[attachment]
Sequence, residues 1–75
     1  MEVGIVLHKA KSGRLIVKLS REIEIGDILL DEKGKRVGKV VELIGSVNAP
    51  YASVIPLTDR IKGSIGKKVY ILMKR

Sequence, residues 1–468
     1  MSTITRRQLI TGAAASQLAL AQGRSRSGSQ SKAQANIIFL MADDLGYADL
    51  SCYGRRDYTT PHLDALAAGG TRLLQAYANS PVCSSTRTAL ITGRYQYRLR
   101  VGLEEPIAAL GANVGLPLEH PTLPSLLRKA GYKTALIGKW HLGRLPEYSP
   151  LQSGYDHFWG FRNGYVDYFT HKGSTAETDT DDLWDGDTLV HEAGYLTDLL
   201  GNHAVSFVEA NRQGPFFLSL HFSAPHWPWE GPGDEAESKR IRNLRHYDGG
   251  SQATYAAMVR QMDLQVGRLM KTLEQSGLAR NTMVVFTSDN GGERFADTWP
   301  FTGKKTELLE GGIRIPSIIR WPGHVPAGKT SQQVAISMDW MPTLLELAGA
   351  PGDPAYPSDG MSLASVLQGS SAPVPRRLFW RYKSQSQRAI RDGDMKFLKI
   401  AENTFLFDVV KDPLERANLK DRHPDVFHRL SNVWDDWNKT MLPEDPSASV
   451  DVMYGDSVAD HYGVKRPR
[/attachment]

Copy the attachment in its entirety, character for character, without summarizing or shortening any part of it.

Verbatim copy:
Sequence, residues 1–75
     1  MEVGIVLHKA KSGRLIVKLS REIEIGDILL DEKGKRVGKV VELIGSVNAP
    51  YASVIPLTDR IKGSIGKKVY ILMKR

Sequence, residues 1–468
     1  MSTITRRQLI TGAAASQLAL AQGRSRSGSQ SKAQANIIFL MADDLGYADL
    51  SCYGRRDYTT PHLDALAAGG TRLLQAYANS PVCSSTRTAL ITGRYQYRLR
   101  VGLEEPIAAL GANVGLPLEH PTLPSLLRKA GYKTALIGKW HLGRLPEYSP
   151  LQSGYDHFWG FRNGYVDYFT HKGSTAETDT DDLWDGDTLV HEAGYLTDLL
   201  GNHAVSFVEA NRQGPFFLSL HFSAPHWPWE GPGDEAESKR IRNLRHYDGG
   251  SQATYAAMVR QMDLQVGRLM KTLEQSGLAR NTMVVFTSDN GGERFADTWP
   301  FTGKKTELLE GGIRIPSIIR WPGHVPAGKT SQQVAISMDW MPTLLELAGA
   351  PGDPAYPSDG MSLASVLQGS SAPVPRRLFW RYKSQSQRAI RDGDMKFLKI
   401  AENTFLFDVV KDPLERANLK DRHPDVFHRL SNVWDDWNKT MLPEDPSASV
   451  DVMYGDSVAD HYGVKRPR